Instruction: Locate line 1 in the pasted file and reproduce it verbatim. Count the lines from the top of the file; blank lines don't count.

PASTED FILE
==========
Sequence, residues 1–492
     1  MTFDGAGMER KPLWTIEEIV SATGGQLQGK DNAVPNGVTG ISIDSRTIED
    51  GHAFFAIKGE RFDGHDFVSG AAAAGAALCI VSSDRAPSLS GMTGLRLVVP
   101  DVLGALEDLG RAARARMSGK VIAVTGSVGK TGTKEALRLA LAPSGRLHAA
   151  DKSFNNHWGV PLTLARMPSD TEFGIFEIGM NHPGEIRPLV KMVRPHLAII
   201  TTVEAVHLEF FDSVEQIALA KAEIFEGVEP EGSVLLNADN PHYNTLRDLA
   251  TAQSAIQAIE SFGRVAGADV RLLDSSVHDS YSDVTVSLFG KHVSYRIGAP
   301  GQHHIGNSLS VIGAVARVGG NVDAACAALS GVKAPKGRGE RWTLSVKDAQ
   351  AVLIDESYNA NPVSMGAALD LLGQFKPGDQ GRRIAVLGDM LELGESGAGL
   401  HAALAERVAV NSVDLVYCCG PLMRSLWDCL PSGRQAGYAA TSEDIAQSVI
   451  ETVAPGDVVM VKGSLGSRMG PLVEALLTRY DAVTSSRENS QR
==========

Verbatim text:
Sequence, residues 1–492